On Tuesday, May 17, Willie Nelson’s autobiography It’s a Long Story will be released in paperback — complete with a charming new afterword. In this new chapter, Nelson reflects on the past year: his latest album, a compilation of Gershwin songs; the anniversary of Farm Aid; and even the success of It’s a Long Story (“To be honest,” he writes,” I was a little worried that my title might prove fatally prophetic — that my story would be, in fact, too long for anyone to bother with.”).
EW is proud to reveal Nelson’s afterword in its entirety, below — and be sure to pick up your copy of It’s a Long Story at your local bookstore.
FROM THE BUS, SOMEWHERE ALONG THE GREAT AMERICAN HIGHWAY
Whether a singer of songs or a writer of books, an artist is always happy to have his work presented to the world. So I’m delighted that, a year after the publication of the hardback edition of It’s a Long Story, this paperback version is now available. To be honest, I was a little worried that my title might prove fatally prophetic — that my story would be, in fact, too long for anyone to bother with. Turned out I had nothing to worry about. Reviews were kind and readers even kinder. They put up with my long-windedness and kept my story on the bestseller lists for longer than I would have ever imagined. Thank you.
Well, I’m not going to push my luck and make this addition to the book any longer than it needs to be. I’ll just catch you up with my comings and goings this past year.
First and foremost, I’m still on this blessed bus, still “on the road again,” still loving the act of performing live — which is a lot preferable to performing dead — still grateful for every opportunity to visit with my friends and fans.
On the recording front, I’m happy to report that my last album, Django and Jimmie, a collaboration with Merle Haggard, hit number one on the country charts. Always love working with Merle. Our video, by the way, “It’s All Going to Pot,” was a YouTube sensation, generating millions of hits, pardon the pun.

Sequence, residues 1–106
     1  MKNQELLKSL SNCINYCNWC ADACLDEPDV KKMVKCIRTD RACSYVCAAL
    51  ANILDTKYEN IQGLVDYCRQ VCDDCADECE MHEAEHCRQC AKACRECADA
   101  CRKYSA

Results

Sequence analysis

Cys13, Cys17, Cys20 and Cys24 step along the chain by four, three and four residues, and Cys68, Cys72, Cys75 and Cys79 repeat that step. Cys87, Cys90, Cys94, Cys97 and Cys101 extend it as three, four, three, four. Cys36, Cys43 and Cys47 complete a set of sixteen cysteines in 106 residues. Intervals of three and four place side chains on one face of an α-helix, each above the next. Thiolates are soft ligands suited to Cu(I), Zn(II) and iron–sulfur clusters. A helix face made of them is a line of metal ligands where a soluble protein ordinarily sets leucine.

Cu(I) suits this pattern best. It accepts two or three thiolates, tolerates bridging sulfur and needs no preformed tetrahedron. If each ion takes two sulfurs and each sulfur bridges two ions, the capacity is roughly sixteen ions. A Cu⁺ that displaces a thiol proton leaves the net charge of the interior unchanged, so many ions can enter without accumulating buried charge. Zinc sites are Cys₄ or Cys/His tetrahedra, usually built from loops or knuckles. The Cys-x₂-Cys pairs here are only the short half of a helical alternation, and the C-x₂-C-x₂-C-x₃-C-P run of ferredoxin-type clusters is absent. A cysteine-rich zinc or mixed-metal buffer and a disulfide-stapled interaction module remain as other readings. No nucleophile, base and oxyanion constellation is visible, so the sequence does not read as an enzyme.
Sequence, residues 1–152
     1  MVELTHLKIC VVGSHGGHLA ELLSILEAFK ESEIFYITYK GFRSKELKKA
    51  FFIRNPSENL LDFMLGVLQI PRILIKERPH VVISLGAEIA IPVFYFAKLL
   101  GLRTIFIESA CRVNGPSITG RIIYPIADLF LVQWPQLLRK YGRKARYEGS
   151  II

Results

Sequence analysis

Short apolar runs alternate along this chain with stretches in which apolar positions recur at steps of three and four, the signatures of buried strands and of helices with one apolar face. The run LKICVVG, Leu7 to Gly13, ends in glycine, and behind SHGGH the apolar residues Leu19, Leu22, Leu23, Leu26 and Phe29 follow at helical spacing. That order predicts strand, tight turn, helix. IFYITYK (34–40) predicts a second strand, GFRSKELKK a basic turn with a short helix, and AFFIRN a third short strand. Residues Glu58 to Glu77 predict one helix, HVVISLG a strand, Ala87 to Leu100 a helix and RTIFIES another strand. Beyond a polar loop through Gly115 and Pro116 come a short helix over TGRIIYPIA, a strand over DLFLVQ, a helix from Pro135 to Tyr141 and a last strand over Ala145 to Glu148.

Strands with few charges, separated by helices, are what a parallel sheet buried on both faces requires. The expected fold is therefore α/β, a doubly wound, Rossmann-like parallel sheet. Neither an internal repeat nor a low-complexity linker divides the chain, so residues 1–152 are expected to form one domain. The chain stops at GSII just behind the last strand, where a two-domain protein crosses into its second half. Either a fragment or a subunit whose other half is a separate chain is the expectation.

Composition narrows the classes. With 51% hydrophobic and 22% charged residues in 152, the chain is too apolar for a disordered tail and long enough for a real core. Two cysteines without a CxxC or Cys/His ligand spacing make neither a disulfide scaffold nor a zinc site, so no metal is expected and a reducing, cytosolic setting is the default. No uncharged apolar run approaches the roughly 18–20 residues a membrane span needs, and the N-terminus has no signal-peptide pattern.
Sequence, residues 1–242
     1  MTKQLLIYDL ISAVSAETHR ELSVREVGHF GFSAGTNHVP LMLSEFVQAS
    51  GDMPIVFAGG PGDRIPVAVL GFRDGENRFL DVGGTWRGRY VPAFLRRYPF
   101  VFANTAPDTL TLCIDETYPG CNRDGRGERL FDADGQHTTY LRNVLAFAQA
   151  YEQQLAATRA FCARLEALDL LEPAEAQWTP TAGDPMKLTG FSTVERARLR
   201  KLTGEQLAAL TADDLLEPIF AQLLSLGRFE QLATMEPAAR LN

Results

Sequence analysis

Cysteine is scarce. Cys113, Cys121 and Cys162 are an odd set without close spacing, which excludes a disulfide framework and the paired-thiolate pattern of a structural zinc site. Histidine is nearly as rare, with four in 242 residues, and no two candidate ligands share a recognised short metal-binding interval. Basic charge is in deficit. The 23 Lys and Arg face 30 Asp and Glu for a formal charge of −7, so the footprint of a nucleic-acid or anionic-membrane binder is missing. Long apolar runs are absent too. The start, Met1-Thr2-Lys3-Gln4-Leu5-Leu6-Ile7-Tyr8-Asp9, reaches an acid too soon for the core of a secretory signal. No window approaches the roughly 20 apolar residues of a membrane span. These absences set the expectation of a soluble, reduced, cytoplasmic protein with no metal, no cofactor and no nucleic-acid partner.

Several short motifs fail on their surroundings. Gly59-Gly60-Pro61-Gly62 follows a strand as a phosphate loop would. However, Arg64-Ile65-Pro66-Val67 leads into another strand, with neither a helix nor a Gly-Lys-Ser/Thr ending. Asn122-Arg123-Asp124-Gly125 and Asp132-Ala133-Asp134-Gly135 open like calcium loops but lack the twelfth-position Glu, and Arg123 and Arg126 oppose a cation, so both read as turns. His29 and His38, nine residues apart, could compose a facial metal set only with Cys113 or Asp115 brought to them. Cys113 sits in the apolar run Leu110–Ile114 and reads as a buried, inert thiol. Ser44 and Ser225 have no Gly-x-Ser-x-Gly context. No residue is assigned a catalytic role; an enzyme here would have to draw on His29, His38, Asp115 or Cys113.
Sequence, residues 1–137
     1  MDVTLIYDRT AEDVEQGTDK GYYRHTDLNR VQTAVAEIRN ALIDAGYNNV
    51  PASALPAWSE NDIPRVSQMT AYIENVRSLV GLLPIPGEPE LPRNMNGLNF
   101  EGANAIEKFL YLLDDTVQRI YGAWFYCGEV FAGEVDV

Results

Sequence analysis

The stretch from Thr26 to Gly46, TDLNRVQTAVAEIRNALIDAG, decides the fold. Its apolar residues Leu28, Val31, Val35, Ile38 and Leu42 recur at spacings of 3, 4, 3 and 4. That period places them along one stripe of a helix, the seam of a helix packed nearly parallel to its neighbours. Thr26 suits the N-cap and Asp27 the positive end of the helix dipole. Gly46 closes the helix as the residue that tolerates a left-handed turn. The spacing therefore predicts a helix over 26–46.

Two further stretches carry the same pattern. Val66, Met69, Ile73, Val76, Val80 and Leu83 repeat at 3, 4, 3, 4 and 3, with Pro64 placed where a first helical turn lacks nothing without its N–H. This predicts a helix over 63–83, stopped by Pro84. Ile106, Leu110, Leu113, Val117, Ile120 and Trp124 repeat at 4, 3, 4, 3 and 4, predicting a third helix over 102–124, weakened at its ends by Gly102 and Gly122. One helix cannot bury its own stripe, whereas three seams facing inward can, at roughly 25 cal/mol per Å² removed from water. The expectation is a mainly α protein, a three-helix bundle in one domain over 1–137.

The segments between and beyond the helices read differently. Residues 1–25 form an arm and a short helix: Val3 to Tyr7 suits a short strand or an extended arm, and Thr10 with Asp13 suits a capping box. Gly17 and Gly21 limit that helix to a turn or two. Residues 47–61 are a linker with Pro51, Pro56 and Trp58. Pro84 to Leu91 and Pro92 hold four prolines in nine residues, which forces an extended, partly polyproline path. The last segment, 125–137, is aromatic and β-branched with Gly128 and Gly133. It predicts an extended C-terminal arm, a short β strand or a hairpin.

Talking about pot, last spring I announced the launching of Willie’s Reserve, a cannabis brand reflecting my long-standing experience and commitment to regulated, natural, and high quality strains of marijuana in United States legal markets. I feel like I’ve bought so much, it’s time to start selling it back.
Beyond celebrating pot’s pleasures, though, I remain a staunch advocate of its vital agricultural and medical benefits. Along those lines, I’ve been encouraged to learn of parents traveling to Colorado and Oregon to legally obtain the marijuana derivative cannabidiol so that, under a doctor’s care, their children’s seizures might be effectively treated.
This past summer was the thirtieth anniversary of Farm Aid. It’s another reason why, as I move toward my eighty-third year on the planet, I’m happy to be alive and kicking. I’m also sad and pissed that, after all this time, the small farmer is still struggling.
In 1985, when this effort to help the small farmer began, we raised $7 million. Now that number has grown to $48 million. Our recent benefit concert in Chicago, in addition to including my sons Luke and Micah, featured the two great men who founded this effort with me three decades ago: Neil Young and John Mellencamp.